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This 48 star medallion pattern flag, IAS-00002, is one of the earliest acquisitions of the Rare Flags collection.  Until recently, the purpose for the unusual pattern on the reverse of the flag was a mystery.  The flag surfaced in Ohio, but its specific history and maker was lost over time.  The spectacular medallion on the front of the flag makes the flag one of the most unique examples of the 48 star count.  Originally, I wondered whether the flag maker had simply run out of fabric for the stars on the reverse and opted for a simpler pattern.  But in retrospect, after years of collecting, I've learned that the traits of early flags are very seldom unintentional.  Great care went into making flags, and while at some times and places in history fabric may have been scarce, a flag maker who puts such time and effort into a flag such as this one will have the materials they need to make the design they intend to make.  In the case of this flag, the reverse of the flag is very precisely planned and executed.  For example, the stars are very accurately sized and stitched, with the a tip of each of the five outer stars pointing directly to one of the tips of the large central star.  The pattern is clear and intentional.

It was only after happening upon a postcard photo in the Smithsonian collection that the symbolic meaning of the pattern became plainly obvious.  The postcard, dated 1911, shows a suffragette adding a sixth star to the Women's Suffrage Flag.  Debate on the floor of Congress against the Women's Suffrage movement makes mention of the adoption of the American flag for the movement's purposes, and this postcard is evidence of the practice.

Wyoming, Utah, Washington, Colorado and Idaho were the first five states to grant women the right to vote, the last being Idaho in 1896.  From 1896 to 1911, though, the movement seemed to stall, with no additional states granting suffrage rights to women.  Vigorous campaigns in California, Ohio, and other states tried to push state-level legislation through on the issue.  In November, 1911, California became the sixth state to grant women's suffrage, and in 1912, the western states of Oregon, Montana, Arizona followed suit.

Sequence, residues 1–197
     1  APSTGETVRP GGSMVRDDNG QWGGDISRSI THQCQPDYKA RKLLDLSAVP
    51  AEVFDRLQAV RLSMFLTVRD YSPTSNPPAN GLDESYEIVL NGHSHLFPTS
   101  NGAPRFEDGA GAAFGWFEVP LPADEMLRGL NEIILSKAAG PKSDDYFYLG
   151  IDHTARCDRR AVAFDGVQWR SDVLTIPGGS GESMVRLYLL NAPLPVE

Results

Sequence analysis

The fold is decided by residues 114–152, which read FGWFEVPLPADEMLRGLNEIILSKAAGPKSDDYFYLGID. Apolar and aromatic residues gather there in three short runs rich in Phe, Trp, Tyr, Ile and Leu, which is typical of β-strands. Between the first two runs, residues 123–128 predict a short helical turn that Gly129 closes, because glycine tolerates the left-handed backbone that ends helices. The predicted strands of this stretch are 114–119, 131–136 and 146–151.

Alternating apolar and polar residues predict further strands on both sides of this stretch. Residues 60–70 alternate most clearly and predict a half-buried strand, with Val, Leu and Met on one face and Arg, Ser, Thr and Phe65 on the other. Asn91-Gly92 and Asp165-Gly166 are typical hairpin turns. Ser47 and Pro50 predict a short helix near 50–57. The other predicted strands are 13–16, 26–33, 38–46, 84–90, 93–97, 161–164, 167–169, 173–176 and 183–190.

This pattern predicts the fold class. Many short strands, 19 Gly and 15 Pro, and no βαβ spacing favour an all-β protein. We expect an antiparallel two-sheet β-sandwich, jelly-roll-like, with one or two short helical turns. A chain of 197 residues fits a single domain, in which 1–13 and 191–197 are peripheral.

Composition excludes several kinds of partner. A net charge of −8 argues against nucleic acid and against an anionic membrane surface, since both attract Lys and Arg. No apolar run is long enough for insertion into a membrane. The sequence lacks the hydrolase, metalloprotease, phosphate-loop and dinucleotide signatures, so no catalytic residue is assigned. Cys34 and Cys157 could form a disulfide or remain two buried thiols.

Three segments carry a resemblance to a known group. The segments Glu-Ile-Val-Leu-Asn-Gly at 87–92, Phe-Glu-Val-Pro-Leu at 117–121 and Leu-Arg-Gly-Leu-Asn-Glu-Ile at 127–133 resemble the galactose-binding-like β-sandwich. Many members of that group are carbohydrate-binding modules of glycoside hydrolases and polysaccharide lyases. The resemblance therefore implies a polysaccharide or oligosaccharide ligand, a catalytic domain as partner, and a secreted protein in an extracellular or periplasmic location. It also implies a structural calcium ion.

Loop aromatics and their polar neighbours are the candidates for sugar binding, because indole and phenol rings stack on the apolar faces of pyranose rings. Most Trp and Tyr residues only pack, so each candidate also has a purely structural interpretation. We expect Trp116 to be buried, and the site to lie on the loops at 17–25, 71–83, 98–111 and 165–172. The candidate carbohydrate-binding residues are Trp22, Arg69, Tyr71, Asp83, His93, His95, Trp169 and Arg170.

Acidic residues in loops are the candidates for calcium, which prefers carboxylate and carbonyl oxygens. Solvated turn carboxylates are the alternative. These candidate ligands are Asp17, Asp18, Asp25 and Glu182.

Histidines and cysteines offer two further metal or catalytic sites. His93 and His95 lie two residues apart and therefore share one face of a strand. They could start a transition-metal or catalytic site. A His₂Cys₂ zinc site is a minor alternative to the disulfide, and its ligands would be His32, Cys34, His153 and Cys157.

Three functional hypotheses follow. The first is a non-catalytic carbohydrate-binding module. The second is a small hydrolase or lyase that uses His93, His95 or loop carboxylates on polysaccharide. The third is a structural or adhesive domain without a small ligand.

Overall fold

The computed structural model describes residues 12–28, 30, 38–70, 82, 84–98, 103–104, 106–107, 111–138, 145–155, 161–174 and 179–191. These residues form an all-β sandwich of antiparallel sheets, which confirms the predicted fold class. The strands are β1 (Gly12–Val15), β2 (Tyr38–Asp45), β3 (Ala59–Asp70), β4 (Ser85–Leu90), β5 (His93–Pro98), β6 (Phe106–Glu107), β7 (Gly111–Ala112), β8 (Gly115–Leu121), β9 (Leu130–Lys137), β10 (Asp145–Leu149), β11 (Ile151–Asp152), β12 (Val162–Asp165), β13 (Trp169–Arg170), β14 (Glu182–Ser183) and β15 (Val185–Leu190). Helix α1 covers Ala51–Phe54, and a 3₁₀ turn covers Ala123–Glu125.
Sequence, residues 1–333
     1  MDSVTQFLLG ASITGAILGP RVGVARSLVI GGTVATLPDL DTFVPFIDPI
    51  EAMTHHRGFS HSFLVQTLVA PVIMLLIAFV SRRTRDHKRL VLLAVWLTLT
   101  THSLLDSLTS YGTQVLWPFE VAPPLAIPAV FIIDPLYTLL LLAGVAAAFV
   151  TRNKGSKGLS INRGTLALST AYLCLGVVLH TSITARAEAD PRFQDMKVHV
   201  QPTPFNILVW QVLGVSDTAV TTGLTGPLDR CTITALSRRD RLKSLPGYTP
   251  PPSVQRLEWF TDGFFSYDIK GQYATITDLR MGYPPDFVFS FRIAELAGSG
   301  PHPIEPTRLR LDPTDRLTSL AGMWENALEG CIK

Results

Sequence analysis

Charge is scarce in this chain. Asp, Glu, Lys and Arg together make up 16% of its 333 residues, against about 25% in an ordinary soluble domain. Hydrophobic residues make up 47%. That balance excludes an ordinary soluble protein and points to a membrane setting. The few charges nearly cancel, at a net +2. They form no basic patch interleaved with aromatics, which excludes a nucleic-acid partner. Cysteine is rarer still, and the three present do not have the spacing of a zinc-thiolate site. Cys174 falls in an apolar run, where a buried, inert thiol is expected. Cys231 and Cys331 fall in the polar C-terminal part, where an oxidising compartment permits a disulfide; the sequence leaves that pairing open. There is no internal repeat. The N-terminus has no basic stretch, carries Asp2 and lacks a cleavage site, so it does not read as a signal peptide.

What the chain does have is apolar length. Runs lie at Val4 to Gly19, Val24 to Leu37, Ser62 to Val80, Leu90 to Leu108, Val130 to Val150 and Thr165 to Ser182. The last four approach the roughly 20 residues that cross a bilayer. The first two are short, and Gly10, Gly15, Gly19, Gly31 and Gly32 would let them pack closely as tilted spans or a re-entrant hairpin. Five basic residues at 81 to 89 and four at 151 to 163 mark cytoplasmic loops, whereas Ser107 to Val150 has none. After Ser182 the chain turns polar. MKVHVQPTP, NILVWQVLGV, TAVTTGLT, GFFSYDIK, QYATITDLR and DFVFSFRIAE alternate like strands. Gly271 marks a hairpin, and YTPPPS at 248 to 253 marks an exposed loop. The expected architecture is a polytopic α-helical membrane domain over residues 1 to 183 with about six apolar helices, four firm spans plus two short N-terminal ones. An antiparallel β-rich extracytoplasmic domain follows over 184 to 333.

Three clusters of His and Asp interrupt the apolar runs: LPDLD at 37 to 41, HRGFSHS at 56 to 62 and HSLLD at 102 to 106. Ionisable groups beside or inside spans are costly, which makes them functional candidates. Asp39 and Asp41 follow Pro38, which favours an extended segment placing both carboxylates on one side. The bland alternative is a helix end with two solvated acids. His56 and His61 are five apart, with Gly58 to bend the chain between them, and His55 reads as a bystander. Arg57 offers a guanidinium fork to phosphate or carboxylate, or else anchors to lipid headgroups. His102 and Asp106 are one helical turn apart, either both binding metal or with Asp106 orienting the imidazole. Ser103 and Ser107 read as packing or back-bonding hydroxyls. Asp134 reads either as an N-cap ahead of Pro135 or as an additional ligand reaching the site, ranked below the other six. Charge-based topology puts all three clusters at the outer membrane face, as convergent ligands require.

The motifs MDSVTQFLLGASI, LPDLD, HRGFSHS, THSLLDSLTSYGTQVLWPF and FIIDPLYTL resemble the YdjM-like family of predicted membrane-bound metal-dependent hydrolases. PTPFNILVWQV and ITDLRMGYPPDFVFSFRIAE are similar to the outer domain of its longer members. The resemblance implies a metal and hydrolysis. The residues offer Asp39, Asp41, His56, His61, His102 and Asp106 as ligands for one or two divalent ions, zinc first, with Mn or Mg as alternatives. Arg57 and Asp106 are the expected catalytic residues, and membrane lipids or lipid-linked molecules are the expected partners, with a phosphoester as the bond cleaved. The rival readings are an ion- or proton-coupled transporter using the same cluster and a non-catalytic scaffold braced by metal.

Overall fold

The addition of the California's "sixth star" to the women's suffrage flags, banners and pin-backs in the 1911-1912 period, was an important symbolic milestone for the movement.  The "six-star" flag also happens to coincide precisely with the introduction of the 48 star flag.  New Mexico, 47, entered the Union on January 6, 1912, and Arizona, 48, entered the Union on February 14, 1912, just 2 months after California granted women the right to vote.  On November 5, 1912, Arizona granted women the right to vote, which means that this flag, made to celebrate both Arizona Statehood and California's Suffrage vote, dates from the period of February-November 1912.

It has always been my opinion that this flag was a very early 48 star flag, since its extravagant medallion pattern doesn't conform to President Taft's executive order of June 12, 1912, which declared that flags henceforth should be standardized to a pattern of 6 even rows of 8 stars.  This also narrows the date of this flag to the first half of 1912.  This flag is the only surviving Women's Suffrage flag in the Stars and Stripes pattern that I am aware of.  As such, it is a true national treasure and symbol of American progress.


A Tale of Two Flags - The Abolitionist Flag and the Secessionist Flag


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